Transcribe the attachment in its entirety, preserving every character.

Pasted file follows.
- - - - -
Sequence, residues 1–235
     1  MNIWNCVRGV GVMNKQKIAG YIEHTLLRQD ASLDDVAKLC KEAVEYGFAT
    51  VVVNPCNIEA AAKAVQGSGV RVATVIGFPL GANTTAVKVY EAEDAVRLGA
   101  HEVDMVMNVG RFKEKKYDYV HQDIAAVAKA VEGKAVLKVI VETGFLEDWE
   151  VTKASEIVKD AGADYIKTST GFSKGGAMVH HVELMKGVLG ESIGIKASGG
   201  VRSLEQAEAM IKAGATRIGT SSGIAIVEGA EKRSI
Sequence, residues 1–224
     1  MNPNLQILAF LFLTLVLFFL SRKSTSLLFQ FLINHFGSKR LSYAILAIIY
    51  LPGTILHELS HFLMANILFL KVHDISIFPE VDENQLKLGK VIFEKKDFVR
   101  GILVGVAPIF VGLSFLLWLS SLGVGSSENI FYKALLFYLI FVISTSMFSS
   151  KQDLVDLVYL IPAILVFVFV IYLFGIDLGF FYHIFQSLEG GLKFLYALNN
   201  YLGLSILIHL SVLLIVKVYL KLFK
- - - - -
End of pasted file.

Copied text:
Sequence, residues 1–235
     1  MNIWNCVRGV GVMNKQKIAG YIEHTLLRQD ASLDDVAKLC KEAVEYGFAT
    51  VVVNPCNIEA AAKAVQGSGV RVATVIGFPL GANTTAVKVY EAEDAVRLGA
   101  HEVDMVMNVG RFKEKKYDYV HQDIAAVAKA VEGKAVLKVI VETGFLEDWE
   151  VTKASEIVKD AGADYIKTST GFSKGGAMVH HVELMKGVLG ESIGIKASGG
   201  VRSLEQAEAM IKAGATRIGT SSGIAIVEGA EKRSI
Sequence, residues 1–224
     1  MNPNLQILAF LFLTLVLFFL SRKSTSLLFQ FLINHFGSKR LSYAILAIIY
    51  LPGTILHELS HFLMANILFL KVHDISIFPE VDENQLKLGK VIFEKKDFVR
   101  GILVGVAPIF VGLSFLLWLS SLGVGSSENI FYKALLFYLI FVISTSMFSS
   151  KQDLVDLVYL IPAILVFVFV IYLFGIDLGF FYHIFQSLEG GLKFLYALNN
   201  YLGLSILIHL SVLLIVKVYL KLFK